I have been petrified of having another big baby. I've done everything I can on my end to try and prevent that, but at this point, I'd almost rather have him big. One, that means I'd get to schedule an induction and not go overdue. Two, it means that the weight I have gained is mostly baby. But I'd also be disappointed, because it means that nothing I have done has worked.
I'm frustrated to the point where I think I should've just eaten whatever I wanted, consequences be damned, and gained 60 pounds. At least then I think the size comments would be justified. I knew I'd never be one of those people who gain seven pounds and look all tiny through the entire pregnancy. But if you're going to paint me as someone who isn't trying hard enough, at least let me enjoy the benefits of not trying!
Anyway, I'm just tired of the comments. Again, I know people don't mean nasty things. But every morning at day care, at least one person comments about how big I am, how I'll never make it to my date, etc. This morning it was, "Wow, you look really tired!" Thanks. Thanks a lot. I am tired, and I needed you to remind me of that.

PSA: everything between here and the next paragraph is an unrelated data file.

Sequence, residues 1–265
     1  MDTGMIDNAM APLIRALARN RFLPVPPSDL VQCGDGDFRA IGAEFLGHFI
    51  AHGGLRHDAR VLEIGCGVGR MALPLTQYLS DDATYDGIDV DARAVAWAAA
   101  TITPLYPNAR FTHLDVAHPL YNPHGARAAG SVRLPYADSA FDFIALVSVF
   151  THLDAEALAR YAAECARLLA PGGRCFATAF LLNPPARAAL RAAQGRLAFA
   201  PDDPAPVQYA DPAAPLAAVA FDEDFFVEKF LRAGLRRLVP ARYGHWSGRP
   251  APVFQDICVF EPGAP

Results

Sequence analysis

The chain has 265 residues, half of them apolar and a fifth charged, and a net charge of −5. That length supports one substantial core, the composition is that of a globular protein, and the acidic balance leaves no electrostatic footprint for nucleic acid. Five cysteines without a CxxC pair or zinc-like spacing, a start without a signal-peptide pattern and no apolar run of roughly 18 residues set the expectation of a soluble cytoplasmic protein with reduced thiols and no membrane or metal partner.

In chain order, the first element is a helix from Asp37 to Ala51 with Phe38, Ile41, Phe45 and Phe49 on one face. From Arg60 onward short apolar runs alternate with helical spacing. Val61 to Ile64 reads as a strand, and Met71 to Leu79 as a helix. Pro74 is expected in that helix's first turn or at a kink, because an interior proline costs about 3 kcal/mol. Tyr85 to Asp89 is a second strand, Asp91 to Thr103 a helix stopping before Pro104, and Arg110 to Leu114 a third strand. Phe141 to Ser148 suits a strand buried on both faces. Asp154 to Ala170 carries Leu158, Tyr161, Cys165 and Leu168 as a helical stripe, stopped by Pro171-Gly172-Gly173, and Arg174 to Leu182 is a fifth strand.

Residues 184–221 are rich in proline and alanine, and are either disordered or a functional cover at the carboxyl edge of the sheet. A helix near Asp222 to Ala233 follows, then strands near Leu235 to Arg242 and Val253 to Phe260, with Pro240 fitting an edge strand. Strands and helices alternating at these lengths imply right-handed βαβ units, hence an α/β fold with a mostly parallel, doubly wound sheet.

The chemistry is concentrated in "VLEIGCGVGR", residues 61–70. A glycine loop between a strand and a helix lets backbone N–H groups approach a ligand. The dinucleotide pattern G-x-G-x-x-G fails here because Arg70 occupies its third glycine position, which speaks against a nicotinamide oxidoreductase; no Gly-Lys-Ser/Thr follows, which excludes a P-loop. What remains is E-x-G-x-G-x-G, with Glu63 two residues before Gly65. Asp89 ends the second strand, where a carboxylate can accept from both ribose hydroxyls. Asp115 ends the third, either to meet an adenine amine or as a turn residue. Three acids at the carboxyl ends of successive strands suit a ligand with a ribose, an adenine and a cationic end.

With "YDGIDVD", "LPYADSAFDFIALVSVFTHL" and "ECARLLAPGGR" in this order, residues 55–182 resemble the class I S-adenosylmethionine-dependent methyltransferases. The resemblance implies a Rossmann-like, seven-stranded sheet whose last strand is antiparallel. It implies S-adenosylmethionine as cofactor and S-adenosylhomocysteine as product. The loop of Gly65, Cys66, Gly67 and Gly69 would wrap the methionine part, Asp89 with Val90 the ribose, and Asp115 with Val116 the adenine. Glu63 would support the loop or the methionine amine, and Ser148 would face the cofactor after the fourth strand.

Tim's been really supportive about this, and he knows how sensitive I am to all the weight comments. That's why I can vent to him. But knowing I have six more weeks, and remembering how I blew up with water retention at the end with Sophie, I am sure things will get worse on that front before they get better. On the other hand, I have yet to take an official pregnancy picture because I've felt so un-picturesque, but that isn't going to improve either. I've been very careful not to talk about any of this in front of Sophie--the last thing I want is for her to learn my body image issues--but it hasn't been easy.
I hate to whine, and I'll try not to bring this stuff up again. It's just that pregnancy is so tough on its own--I don't need other people making me feel like crap on top of it. Yes, I am uncomfortable. Yes, I am tired because I can't sleep. Yes, my ankles are swollen to the point that I can't get my shoes on. Yes, I walk at a glacial pace because my hips and back hurt. You don't need to point it out, thanks.